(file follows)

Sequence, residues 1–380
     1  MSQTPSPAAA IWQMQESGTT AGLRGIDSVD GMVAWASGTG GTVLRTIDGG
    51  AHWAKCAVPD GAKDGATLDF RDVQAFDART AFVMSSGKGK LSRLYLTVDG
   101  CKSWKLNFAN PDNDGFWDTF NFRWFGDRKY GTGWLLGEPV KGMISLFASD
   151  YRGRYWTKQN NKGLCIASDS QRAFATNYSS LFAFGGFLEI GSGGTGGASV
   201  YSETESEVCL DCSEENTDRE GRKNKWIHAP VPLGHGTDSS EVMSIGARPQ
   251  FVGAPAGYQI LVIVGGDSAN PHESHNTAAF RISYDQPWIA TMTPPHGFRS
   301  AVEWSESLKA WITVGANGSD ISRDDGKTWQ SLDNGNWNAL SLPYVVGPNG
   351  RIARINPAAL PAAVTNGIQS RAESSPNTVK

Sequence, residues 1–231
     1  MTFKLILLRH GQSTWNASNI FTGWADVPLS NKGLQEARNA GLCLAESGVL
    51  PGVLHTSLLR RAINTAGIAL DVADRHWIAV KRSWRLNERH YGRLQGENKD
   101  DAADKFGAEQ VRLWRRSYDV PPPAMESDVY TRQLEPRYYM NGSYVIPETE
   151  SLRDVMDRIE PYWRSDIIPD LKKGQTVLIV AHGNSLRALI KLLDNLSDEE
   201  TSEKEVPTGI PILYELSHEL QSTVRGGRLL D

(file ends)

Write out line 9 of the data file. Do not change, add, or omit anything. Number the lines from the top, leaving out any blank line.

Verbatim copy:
   351  RIARINPAAL PAAVTNGIQS RAESSPNTVK